Climate and Water Resource Availability in Canterbury

October 2006
NIWA collects data on river flows, rainfall etc throughout the country. In Canterbury it has been studying the effects of various weather events on ground and surface water levels, river flows, aquatic and riparian life, and determining the effects of variations in climate. This is medium- to long-term work that will allow better forecasting of water supplies over the next few decades important in terms of ability of the water system to support various forms of agriculture, and the huge investments being proposed and made in water storage, irrigation, dairying, water demanding crops, etc.

The possibility of a moderate El Nio pattern this summer has just been raised by NIWA. El Nio and La Nia are important weather patterns that regularly impact our climate. So too do the Interdecadal Pacific Oscillation (IPO) and general climate change (global warming). Predicting how they will interact to determine our weather, and hence rainfall distribution, snow, and the availability of river and ground water, is essential to determining what forms of agriculture will be sustainable long term and what farmers should invest in to secure their livelihoods.

NIWA records and analyses information from a monitoring network consisting of several hundred river flow recording stations, rainfall stations, and soil moisture monitoring stations throughout NZ. Regional councils also operate monitoring stations and share information and facilities.

NIWA has developed computer simulation models that use climate data for forecasting water movements. They can put forecasted weather into the model and it will predict what will happen e.g. if it rains heavily or snows in the high country, what will happen in the rivers and on the plains, what will happen to the water table, and so on. It can be used to predict flooding, topping up of aquifers etc.

Selwyn River project

The Selwyn river is flowing in its middle reaches at present, which is quite unusual, and that is because we had a particularly wet winter. It has been particularly low in the last few years down in its lower reaches, and there are lots of questions about whether that is because the weather has been dry or because farmers have been taking more water out of the ground water system there are connections between how much water is in the river and how much there is in the ground water system. Take too much out of the wrong ground water aquifer and the water starts to disappear from the river.

Weve been looking at what happens seasonally to the water in the river. When the weather is very dry the middle reaches of the river are completely dry and when the weather gets wetter then the river starts to flow over more and more of its length, says Ross.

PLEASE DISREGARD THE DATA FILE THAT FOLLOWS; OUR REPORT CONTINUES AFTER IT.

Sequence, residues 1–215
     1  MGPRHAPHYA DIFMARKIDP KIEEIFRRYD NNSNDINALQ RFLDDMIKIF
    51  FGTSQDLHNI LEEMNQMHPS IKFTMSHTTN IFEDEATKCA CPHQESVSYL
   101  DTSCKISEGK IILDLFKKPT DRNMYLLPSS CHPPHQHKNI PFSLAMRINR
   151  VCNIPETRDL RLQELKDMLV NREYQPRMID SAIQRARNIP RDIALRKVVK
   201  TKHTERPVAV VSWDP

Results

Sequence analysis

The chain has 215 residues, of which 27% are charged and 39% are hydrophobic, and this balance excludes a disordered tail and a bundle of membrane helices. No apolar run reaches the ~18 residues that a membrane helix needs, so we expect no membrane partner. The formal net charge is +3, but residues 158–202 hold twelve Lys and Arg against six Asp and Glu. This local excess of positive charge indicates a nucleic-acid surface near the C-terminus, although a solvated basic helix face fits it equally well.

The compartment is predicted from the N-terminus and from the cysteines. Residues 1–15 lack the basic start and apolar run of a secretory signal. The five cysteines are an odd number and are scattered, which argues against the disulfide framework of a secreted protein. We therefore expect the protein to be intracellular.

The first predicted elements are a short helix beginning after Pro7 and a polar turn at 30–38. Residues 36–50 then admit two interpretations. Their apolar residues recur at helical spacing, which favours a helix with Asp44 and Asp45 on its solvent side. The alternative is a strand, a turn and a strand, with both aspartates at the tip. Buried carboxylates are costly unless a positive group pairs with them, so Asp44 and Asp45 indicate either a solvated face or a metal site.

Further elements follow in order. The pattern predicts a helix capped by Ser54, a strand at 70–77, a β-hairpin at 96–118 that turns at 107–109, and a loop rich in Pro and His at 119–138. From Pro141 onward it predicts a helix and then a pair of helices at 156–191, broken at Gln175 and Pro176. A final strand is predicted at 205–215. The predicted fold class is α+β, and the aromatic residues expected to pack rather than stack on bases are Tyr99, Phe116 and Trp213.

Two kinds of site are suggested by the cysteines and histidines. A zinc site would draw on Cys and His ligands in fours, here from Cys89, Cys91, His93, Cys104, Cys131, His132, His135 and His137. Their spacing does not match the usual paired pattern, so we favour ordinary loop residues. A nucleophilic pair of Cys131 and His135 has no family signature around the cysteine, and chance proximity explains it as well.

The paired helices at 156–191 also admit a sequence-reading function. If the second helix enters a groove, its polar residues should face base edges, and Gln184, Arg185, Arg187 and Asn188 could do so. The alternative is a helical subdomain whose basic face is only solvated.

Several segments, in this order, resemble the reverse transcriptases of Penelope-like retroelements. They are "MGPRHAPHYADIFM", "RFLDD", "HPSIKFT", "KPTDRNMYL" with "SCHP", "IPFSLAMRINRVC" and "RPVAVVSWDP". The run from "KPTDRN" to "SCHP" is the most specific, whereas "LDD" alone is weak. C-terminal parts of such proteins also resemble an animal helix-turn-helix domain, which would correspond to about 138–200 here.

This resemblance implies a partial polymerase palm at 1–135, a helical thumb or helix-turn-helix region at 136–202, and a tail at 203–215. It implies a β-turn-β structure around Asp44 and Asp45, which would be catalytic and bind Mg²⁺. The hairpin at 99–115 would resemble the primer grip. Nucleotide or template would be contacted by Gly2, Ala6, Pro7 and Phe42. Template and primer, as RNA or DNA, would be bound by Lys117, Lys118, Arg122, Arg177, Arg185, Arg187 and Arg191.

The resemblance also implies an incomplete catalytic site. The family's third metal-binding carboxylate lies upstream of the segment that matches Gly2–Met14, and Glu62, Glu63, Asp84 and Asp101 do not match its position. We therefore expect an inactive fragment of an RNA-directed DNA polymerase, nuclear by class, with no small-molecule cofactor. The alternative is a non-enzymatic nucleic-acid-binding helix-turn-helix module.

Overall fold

Weve been doing detailed studies of how that changes and what stream communities are affected by that. Why does the river wet up and dry out like it does? Whats controlling that? It isnt always the same. It isnt always predictable. So far we have some ideas and half an explanation of whats going on.

The object of the exercise is to be able to say with some certainty whether it is normal for this sort of fluctuation in water level to happen and whether or not removal of water by farmers is having any important effect on the river ecosystem. If it is, at what level will it be necessary to curb draw-off of water?

Understanding the effects of fluctuating weather conditions on surface and ground flows is obviously important in the short term, just as climate change is important in the longer term.


NIWA has just recently that it believes there is a 50% chance of an El Nio weather pattern developing over summer. This generally means wetter weather in the west, drier in the east. However, predictions over the next 15 to 20 years are that there will be more frequent La Nia events and fewer El Nio. In the 20 years to 1999 there were more El Nio events, and if people are making decisions based on their experiences over the past 20 years they could come unstuck.

Add to that the effect of the Interdecadal Pacific Oscillation (IPO) which NIWA believes will also cause it to be drier in the mountains, and you have significant change that will impact investment decisions by farmers.

Farmers are used to the weather varying from year to year, but they need to understand the differences that are occurring and take that into account in their planning.

Over the next 15 to 20 years, while it will be drier in the mountains it will be wetter on the plains, so its not all bad news. Long term outlook for climate change is for things to get slowly wetter on the mountains and slowly drier on the plains, which is against the IPO trend, so for that period they will work against each other, says Ross.

Beyond that they will probably start to work together in the period 2040 to 2060. It is important that this information is available in particular to people creating very large irrigation schemes in the South Island, e.g. the Central Plains Irrigation Scheme in central Canterbury, which is looking at taking water from the Waimakariri, the Rakaia, and a number of tributaries in between, and putting that water in a big reservoir and using it to irrigate around 60,000ha.

This project is worth hundreds of millions of dollars, and you would want to know that you were making it the right size and whether you would get sufficiently reliable irrigation water out of it.